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Algonquin Township Road District employee still not reinstated, receives supplemental arbitration award

Attorney Robert Hanlon and Algonquin Township Highway Commissioner Andrew Gasser attend an Algonquin Township meeting on June 14, 2017.
Attorney Robert Hanlon and Algonquin Township Highway Commissioner Andrew Gasser attend an Algonquin Township meeting on June 14, 2017.

Five months after an arbitrator ruled that a former Algonquin Township road district employee was improperly fired, he still has not been reinstated to his position, leading an arbitrator to grant him a supplemental arbitration award.

Dan Morrison, a former heavy equipment operator, was fired on Jan. 11, 2019, after Algonquin Township Highway Commissioner Andrew Gasser said Morrison violated the road district’s smoking policy.

In response, the International Union of Operating Engineers Local 150 filed a grievance saying Gasser did not have just cause to terminate Morrison.

On Nov. 4, Arbitrator Dennis P. McGilligan wrote that the union’s grievance is sustained, and that the reinstatement of his job with a written warning would be appropriate for Morrison.

However, the union filed a motion to initiate supplemental proceedings on Dec. 5 as Morrison still had not been reinstated at that time.

The purpose of these supplemental proceedings were to assist the parties in implementing the arbitration award; to amend the arbitration award so Morrison could be “made whole” for Illinois Municipal Retirement Fund service credits; to compute post-judgment interests; extend the arbitrator’s jurisdiction over the matter; and provide any other appropriate relief, according to a document obtained by the Northwest Herald.

On Jan. 2, Bryan Diemer, the attorney representing Local 150, sent the arbitrator an email that included, among other attachments, a draft supplemental award. In the draft supplemental arbitration award, the union proposed reinstating Morrison to his former position, including back pay and all contractual benefits Morrison would have earned if he was not fired.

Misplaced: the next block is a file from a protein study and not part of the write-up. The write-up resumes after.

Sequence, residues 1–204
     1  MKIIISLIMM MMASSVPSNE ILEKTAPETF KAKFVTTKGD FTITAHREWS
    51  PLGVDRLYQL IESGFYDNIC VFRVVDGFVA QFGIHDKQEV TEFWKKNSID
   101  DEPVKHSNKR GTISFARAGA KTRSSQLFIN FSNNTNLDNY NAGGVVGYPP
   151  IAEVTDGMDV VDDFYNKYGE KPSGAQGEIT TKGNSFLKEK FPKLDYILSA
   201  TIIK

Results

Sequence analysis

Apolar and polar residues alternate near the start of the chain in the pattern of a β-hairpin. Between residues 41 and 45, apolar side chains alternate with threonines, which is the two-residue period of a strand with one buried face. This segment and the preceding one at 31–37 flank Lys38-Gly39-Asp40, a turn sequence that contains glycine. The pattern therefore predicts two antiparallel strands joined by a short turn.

As of Jan.1, the union said, Morrison is entitled to $37,608.53 in back pay, which includes an offset of $17,901.28 for interim earnings. In addition, he also is entitled to $500 for on-call pay, 15 vacation days, five personal days, 14 sick days, $500 for work clothes and $600 for a cellphone stipend.

The union also proposed that Morrison is entitled to IMRF service credits dating back to January 2019, until he is reinstated.

In its draft supplemental arbitration award, the union asked that damages, such as back pay, pension and other contractual benefits, should continue to accrue until Morrison is rehired.

That same day, the arbitrator sent an email to both Hanlon and Diemer, saying that if he did receive a response from Hanlon within 10 days, he would issue a supplemental arbitration award, granting all of the union’s requests in their Jan. 2 letter.

Robert Hanlon, the attorney representing the road district, did not respond to this letter, or subsequent communications from the arbitrator or Diemer, except to say on Feb. 3 that he had been “out ill” and would be back to work in the morning. However, the arbitrator did not receive a response from Hanlon on Feb. 4, and on Feb. 5 McGilligan sent another email telling the attorney that he would grant the union’s request if he did not respond in a week. There was again no reply from Hanlon.

McGilligan, the arbitrator, then granted the union’s motion to initiate supplemental proceedings, and retained jurisdiction “indefinitely” solely for the limited purpose of resolving all remedial issues.

Hanlon did not return a message seeking comment on Wednesday.

Diemer said they have sent demand letters to opposing counsel, outlining what they felt the damages were, which were just ignored, so they brought the matter back in front of the arbitrator.

Although it is “highly unusual” to go to an arbitrator to decide back pay, in this case, Diemer said, this was a step they needed to take.

Diemer said the next step will be to go to the Circuit Court, and seek help from the judge to get the reinstatement back, “at tremendous expense for both parties.”

“It’s an unfortunate circumstance,” Diemer said.

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